Although it’s not really common for Linux users, you can change UUID on Linux when you wish to do so. It might offer a challenging impression at first, but the job becomes seamless with the help of the tune2fs command.
The Universally Unique Identifier, aka UUID, refers to a directory labeling ID. It is a
128-bit label that is majorly used for tagging the information that sits in the partitions of computer systems. You might have encountered the term globally unique identifier or GUID, and both terms actually mean the same thing.
The usage of UUIDs can extend in various directions. When the identifier is generated according to the standard methods and the associated practical purposes, it is always unique. However, it is worth noting that the uniqueness of UUID is entirely independent of any central registration authority.
In simple words, UUIDs don’t depend on the existing coordination that happens to exist among the users generating them.
UUID is a flexible entity. Almost anyone can make use of it and make the process of identifying something around the filesystem. Remember, there are a number of situations when a change in UUID can take place. We’ve got formatting a drive and even bringing partitioning, to name a few.
More amazingly, there exists a genuine possibility of changing the ID as well. Yes, you read that right, bringing alteration is pretty straightforward, and that’s what you’ll be learning in this write-up.
Before you change UUID on Linux, it is crucial that you’re aware of the procedures that will help you figure out your system’s UUID. Doing so is pretty easy. Just launch the Terminal using the “Ctrl+Alt+T” key combination followed by running the
blkid command alongside the
grep UUID option.
$ blkid | grep UUID
In case you don’t have the
blkid Command-line utility installed, simply have that done by invoking the
How to Change UUID on Linux: Quick Easy Steps
Once you’ve identified your system UUID, you’re now ready to bring the required alterations. No doubt, the query itself sounds too challenging to deal with, but in reality, you can change UUID on Linux in just a couple of minutes without even getting involved in any kind of complexities along the way.
Step 1: Deciding the Alteration Route
First things first, decide where you want the UUID to change. For instance, I’m choosing to change the UUID on my second partition, which is
/dev/sdb2. Remember, the same may vary for your system, so make sure you grab the desired directory properly.
Step 2: Unmount the File System
To change the UUID on Linux, you’ll need to unmount the desired partition. Figure out the mount point and use the
unmount command in the following manner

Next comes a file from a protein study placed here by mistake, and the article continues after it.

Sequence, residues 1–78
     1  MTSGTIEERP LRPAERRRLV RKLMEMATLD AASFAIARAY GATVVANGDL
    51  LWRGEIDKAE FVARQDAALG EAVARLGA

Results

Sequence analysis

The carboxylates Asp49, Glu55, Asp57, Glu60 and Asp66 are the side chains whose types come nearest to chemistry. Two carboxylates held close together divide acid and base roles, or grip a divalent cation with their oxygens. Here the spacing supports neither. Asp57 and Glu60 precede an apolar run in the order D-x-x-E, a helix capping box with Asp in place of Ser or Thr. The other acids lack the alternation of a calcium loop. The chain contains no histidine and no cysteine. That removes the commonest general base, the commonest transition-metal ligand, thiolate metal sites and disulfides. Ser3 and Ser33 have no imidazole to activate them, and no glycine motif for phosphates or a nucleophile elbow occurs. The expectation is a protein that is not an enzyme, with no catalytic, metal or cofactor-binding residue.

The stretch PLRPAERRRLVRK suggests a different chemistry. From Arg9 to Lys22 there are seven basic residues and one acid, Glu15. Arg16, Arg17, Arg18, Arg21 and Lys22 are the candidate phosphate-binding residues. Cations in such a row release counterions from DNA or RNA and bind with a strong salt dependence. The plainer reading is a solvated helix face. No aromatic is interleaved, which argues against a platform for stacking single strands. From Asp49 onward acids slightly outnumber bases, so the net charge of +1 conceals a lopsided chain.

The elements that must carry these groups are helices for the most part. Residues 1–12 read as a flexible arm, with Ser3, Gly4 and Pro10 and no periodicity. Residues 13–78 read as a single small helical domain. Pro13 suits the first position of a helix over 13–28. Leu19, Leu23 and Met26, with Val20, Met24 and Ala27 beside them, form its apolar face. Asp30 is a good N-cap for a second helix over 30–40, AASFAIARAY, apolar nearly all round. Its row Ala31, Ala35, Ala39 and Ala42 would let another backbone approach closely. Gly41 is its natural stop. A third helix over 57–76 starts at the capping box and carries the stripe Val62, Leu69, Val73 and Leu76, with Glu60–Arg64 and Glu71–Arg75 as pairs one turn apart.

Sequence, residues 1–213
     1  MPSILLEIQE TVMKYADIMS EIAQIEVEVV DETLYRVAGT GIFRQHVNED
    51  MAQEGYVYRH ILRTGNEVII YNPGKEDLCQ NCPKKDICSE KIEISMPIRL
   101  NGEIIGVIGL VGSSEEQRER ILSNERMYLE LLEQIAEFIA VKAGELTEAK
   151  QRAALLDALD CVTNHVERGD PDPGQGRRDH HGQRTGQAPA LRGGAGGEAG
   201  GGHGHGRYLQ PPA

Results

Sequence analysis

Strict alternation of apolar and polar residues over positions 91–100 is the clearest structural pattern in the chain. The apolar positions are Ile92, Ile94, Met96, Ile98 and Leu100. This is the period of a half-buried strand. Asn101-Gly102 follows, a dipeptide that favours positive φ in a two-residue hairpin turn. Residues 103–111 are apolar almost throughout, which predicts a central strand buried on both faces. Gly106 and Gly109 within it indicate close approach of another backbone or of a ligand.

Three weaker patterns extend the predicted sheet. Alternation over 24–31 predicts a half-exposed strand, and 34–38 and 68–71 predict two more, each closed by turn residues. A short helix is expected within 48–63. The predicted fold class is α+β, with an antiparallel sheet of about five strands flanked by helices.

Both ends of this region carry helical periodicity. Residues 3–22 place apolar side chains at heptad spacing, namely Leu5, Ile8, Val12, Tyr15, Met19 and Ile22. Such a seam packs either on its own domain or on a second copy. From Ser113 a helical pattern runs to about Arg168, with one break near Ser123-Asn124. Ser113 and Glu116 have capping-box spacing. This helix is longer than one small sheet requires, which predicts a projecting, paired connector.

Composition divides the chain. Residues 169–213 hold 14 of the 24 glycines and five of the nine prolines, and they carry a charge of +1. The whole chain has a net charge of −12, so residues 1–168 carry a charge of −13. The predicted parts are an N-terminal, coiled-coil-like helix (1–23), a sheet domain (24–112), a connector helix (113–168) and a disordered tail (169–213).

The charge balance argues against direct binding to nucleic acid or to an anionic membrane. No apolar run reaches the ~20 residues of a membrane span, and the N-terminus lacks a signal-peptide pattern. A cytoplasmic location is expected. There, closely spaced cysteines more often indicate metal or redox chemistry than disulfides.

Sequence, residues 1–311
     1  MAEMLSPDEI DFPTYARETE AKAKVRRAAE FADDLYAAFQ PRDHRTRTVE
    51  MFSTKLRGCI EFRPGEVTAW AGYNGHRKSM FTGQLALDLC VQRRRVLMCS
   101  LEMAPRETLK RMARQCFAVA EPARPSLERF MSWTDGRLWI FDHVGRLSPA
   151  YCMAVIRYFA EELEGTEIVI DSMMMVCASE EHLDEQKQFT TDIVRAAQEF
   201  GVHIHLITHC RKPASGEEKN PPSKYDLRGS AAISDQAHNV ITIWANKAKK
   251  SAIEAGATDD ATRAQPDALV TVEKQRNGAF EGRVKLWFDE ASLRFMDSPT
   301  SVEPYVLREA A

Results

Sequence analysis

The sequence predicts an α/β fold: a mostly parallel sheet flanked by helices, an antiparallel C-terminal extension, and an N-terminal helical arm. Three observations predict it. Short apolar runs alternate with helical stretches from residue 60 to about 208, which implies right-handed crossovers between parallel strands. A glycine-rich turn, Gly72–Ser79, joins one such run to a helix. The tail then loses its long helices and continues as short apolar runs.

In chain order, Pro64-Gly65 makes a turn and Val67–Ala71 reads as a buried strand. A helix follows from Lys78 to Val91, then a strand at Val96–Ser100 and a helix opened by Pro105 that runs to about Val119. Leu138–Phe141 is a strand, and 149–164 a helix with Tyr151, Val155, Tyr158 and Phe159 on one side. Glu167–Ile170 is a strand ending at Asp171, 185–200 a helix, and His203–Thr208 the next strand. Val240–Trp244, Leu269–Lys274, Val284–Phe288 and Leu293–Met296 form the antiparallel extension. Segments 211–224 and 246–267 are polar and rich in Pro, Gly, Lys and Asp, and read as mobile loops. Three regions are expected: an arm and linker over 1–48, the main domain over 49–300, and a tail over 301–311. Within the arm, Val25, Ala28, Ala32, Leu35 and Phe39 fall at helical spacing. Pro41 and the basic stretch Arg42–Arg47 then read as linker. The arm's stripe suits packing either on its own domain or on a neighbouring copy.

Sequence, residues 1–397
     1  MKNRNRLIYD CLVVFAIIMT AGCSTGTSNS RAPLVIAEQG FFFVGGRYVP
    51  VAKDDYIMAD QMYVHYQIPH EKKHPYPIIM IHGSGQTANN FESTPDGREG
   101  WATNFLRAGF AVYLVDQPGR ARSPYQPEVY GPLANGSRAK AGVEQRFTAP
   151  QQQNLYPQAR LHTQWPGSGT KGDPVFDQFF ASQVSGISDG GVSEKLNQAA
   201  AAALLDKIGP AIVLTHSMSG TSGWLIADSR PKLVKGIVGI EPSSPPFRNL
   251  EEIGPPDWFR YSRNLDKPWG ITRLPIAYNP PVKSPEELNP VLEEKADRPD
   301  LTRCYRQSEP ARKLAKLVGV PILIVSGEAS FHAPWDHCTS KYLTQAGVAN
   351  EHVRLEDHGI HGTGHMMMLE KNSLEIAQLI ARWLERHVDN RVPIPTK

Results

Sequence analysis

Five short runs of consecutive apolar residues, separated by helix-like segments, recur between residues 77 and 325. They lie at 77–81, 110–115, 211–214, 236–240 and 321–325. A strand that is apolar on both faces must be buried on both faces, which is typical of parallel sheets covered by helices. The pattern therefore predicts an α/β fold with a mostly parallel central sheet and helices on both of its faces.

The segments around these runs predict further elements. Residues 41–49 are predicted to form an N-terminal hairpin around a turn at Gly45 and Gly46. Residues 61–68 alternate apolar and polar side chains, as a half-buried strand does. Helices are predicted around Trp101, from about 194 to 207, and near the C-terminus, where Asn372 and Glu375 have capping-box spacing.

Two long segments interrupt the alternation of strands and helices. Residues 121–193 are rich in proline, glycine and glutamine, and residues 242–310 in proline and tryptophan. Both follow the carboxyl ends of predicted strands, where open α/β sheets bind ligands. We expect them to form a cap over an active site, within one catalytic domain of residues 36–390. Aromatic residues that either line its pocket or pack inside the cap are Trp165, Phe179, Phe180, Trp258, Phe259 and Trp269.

$ unmount [mount point]
Step 3: Using the tune2fs Command
tune2fs command, you’re looking at the utility that will help you a lot in changing the UUID on Linux. The tune2fs is a brilliant tool that makes the system administrator capable of adjusting all sorts of tunable filesystem parameters available on Linux-based systems. It is through that functionality that makes UUID change attainable.
While passing the command, invoke the
-U flag and instruct the system to generate a random UUID.
$ tune2fs -U random /dev/sdb2
Step 4: Verification
As soon as the tune2fs command concludes its operation, run the
blkid command one more time and verify if you’ve successfully altered the UUID with the use of this command:
$ blkid | grep UUID
4 Ways to Retrieve the UUID
Now that you know how to change the UUID on your Linux system, it is now the perfect time to also learn the best way to retrieve the identity whenever you want to. Read further and we’ll introduce you to the four unique ways that will help you get the job done in minutes.
Method 1. Invoking blkid Command
One of the most basic ways to retrieve the system UUID is by invoking the
blkid command inside the Terminal. You can either run the code alone or specify the desired partition.
$ blkid [partition]
Method 2. Listing the Content
Listing the content is another excellent way to grab hold of the system UUID. For that, you can use the
ls command alongside the
-l flag in the following manner:
$ ls -l /dev/disk/by-uuid/
Method 3. Running the udevadm Command
udevadm command to the scene will help you seamlessly retrieve the UUID. Pass the
info option and the
-q flag in the following manner:
$ udevadm info -q all -n /dev/sda2/ | grep uuid
Method 4. Using the hwinfo Command
hwinfo is a brilliant utility if you’re willing to grab the UUID. But make sure you’ve got it installed before invoking. Here is what the command looks like:
$ hwinfo --block
Your system hard drive depends heavily on UUID for unique tags. These unique strings of characters help make the user’s life easy in case they face concerns regarding the identification of various storage-related components and hard disk partitions.
And that is pretty much how you can change UUID on Linux. As you can understand from going through this article, getting the system UUID altered isn’t a hefty task, provided that you know the necessary changes and which commands to use, basically anyone can configure their UUID by themselves..
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